№ 412/2014 from Nov 26, 2014
According to PD Dr. Lutz Mez from the Berlin Centre for Caspian Region Studies, Freie Universität, transportation by rail between Europe and Asia holds enormous economic potential for the future, in particular for Central Asia itself. Mez stressed that since the summer of 2014, containers are being transported by freight train in both directions between Germany and China within 15 days, twice as fast as by ship. The rail link is part of a more than 10,000-kilometer so-called New Silk Road, and it plays a major role in Germany. The first international conference, Eurasian Transport Integration (ETI), held recently in Kazakhstan's capital Astana dealt with the geopolitical challenges, economic opportunities, and prospects of the Eurasian transportation market.
“In recent years, the Eurasian continent has rapidly evolved as a geopolitical and geo-economic unit,” said Lutz Mez. Today it extends from Southeast Asia, Central and West Asia, Turkey, Iran, and Russia to southeastern and western Europe, and also includes some countries of eastern Africa. The ancient Silk Road was a network of caravan routes that for over a thousand years joined the Far East and Europe. Goods were traded along the route, and cultural and technology transfer also took place.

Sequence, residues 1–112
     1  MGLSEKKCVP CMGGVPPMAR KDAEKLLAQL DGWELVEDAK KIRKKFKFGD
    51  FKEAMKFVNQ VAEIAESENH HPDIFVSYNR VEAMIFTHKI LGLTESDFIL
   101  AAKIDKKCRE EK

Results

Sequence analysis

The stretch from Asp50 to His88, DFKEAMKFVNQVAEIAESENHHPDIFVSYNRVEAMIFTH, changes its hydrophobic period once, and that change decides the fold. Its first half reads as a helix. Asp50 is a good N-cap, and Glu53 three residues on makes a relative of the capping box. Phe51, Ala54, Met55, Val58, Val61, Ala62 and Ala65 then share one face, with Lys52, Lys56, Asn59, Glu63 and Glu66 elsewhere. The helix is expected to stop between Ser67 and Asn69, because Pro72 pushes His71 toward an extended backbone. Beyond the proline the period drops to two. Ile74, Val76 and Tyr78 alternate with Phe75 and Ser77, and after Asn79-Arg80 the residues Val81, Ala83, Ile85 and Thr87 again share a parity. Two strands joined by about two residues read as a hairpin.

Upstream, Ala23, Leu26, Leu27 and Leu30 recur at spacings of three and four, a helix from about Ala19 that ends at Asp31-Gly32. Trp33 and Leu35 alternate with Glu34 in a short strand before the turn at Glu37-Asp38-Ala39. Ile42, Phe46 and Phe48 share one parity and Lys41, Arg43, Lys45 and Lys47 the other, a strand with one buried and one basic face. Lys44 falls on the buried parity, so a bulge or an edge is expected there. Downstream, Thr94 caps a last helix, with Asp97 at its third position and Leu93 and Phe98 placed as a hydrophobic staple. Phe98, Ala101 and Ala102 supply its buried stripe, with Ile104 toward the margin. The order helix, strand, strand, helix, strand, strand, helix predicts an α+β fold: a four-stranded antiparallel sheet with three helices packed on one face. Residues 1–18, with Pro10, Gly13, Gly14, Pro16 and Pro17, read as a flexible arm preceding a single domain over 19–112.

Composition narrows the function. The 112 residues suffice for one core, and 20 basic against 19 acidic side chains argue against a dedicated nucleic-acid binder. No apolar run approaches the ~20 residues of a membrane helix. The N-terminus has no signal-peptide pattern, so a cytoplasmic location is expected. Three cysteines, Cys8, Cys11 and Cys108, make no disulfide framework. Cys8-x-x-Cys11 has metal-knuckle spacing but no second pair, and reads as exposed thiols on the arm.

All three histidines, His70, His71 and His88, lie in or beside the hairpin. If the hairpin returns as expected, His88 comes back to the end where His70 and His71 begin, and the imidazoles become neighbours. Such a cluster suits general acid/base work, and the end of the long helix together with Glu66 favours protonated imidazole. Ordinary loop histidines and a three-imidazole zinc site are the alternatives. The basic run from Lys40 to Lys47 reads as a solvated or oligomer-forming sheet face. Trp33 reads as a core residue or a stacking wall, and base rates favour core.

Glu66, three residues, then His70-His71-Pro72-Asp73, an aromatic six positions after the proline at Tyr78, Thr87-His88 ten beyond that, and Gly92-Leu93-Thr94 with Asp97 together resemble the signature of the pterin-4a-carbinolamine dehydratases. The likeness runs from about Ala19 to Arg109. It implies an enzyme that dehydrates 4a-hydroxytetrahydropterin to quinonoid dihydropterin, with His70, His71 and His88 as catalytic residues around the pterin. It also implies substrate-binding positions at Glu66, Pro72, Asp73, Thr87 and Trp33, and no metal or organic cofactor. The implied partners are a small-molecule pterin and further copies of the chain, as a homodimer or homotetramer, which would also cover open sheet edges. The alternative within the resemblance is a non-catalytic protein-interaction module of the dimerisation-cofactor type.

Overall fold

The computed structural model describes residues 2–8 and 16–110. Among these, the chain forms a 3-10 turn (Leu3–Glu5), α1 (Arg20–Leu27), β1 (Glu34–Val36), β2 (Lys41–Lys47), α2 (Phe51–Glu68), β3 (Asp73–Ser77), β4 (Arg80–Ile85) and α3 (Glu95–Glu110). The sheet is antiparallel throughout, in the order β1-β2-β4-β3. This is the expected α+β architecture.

The conference in Astana was attended by more than 230 participants from government, business, and academia. They discussed the future of continental trade and transportation integration. The conference was organized by the Berlin Centre for Caspian Region Studies at Freie Universität Berlin and the Institute of World Economy and Politics (IWEP). The main topics of discussion were the transnational integration of national transportation infrastructure systems and unresolved logistics issues. The Central Asian landlocked countries that had a negligent role in freight transportation after the collapse of the Soviet Union are currently becoming a central component of the new transportation system.
The president of the German-Kazakh University in Almaty, the former capital of Kazakhstan, and former president of Freie Universität, Prof. Dr. Johann W. Gerlach said, "The development of logistics in Kazakhstan and other Central Asian countries is one of the most important prerequisites for the development of these countries and their economic future in the course of transportation integration in Eurasia."
Prof. Dr. Frederick S. Starr, chairman of the Central Asia-Caucasus Institute and Silk Road Studies Program at Johns Hopkins University, stressed that the rediscovery of the large number of old trade routes between Europe and Asia is a major step toward closer cooperation among the five Central Asian countries. According to him, one concrete measure of the success of the conference was the establishment of a Central Asian Chamber of Commerce, including Afghanistan.
PD Dr. Lutz Mez, Berlin Centre for Caspian Region Studies, Tel.: +49 30 838-55585, Email: firstname.lastname@example.org